definitely not a force for good in America. Pompous and imperious, an ideologue who believes unfailingly in his own philosophy of how TV and radio should work (the FCC also has domain over telephone and emerging broadband technologies), Powell ignores or condemns anyone who opposes him. Though FCC chairmen have labored mostly in obscurity, Powell has managed to make himself famous; he's the Torquemada of the insane campaign now being waged against "obscenity" on the airwaves.
I was feeling uneasy, as if the deck were stacked against Dr. Nichol. The friend of a fellow alum who heard us discussing the case even predicted the president would lose his job over the flap. Powell's February 23 letter to alumni did little to reassure me.
We have long believed that balance must be achieved between these competing perspectives in a manner respectful of the underlying values of each.
A well-organized group, which has been refuted on historic and religious grounds, was to receive equal treatment, even if their true agenda is not religion. I think that Rev. Hollerith, was exactly right in speculating this was about power over a college president, whom they view as an anathema, if the namecalling in their media is an indication. In fact, February 13, Devan Barber, columnist for the college paper, the Flat Hat reported that
a whopping 70 percent of the signatures from the "Save the Wren Cross" petition are from individuals with no affiliation to the College. James Ambrose, the student liason to the BOV, added that, from his conversations on campus, most students seem to think that the Wren cross is not a significant issue, and generally approve of Nichol's performance over the past year.
March 2, after a donor who had previously pledged $12,000,000, went back on his word citinghis position on the cross, Nichol wrote in the Flat Hat :
It may be that steps I've taken have caused wounds too deep to overcome. Perhaps they've touched a divide too white-hot to explore. But if we're to be the national treasure we're called to become, William and Mary must be open and welcoming to all. We must place all religions on an equal footing, rather than signing on to a particular tradition. There should be no strangers here. These heady goals are essential to the College's future. They're more important than the wishes of a donor, or a pundit, or a political hatchet man. They're also more important than a single president.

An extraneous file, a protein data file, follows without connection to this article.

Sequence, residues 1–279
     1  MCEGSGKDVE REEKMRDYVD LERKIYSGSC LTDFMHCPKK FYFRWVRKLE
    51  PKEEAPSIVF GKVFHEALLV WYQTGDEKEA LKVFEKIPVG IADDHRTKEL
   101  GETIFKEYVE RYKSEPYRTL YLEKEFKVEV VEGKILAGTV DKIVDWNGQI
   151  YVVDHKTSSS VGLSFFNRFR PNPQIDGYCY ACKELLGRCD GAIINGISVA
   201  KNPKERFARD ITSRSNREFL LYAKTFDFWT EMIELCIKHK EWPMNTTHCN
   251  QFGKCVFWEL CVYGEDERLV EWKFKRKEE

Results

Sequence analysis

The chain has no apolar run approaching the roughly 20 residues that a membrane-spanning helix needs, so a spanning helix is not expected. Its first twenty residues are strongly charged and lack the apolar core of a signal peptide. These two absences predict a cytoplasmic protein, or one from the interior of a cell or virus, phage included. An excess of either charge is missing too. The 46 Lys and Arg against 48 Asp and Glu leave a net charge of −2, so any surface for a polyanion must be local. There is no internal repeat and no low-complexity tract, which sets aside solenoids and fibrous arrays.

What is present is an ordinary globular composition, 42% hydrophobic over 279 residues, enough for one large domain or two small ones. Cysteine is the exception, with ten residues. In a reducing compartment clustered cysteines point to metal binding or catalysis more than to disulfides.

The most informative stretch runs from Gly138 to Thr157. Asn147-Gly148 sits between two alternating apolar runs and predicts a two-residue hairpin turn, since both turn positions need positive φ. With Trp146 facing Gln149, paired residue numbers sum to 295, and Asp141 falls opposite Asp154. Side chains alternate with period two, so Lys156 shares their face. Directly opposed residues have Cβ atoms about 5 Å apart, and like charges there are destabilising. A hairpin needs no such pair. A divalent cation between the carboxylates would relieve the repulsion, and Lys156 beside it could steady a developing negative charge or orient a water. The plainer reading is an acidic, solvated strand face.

The final decision March 6 was, according to my friend Barry, more unsettling than relegating the cross to storage when it was not in use. Instead, it was to be displayed 24-7, but in a glass case accompanied by a placque, as if it were nothing more than an artifact. March 23, The Flat Hat reported that fellow parents at Walsingham Academy, a private high school where Nichol's daughter is a senior, had uninvited him to be the graduation speaker. The school happily reached its fundraising goal of $500,000,000 in June despite any of those who withdrew their pledge. I thought, Nichols had weathered the storm, until I got that letter from Powell. And now, looking at the detractor's website, I wonder how long these supposed supporters of my alma mater are going to tear down a wonderful school in an effort to pressure the Board of Visitors to get rid of a President with wide student and faculty support. What makes them think that if the Board caves a first rate President woudl want to come and take Nichols place?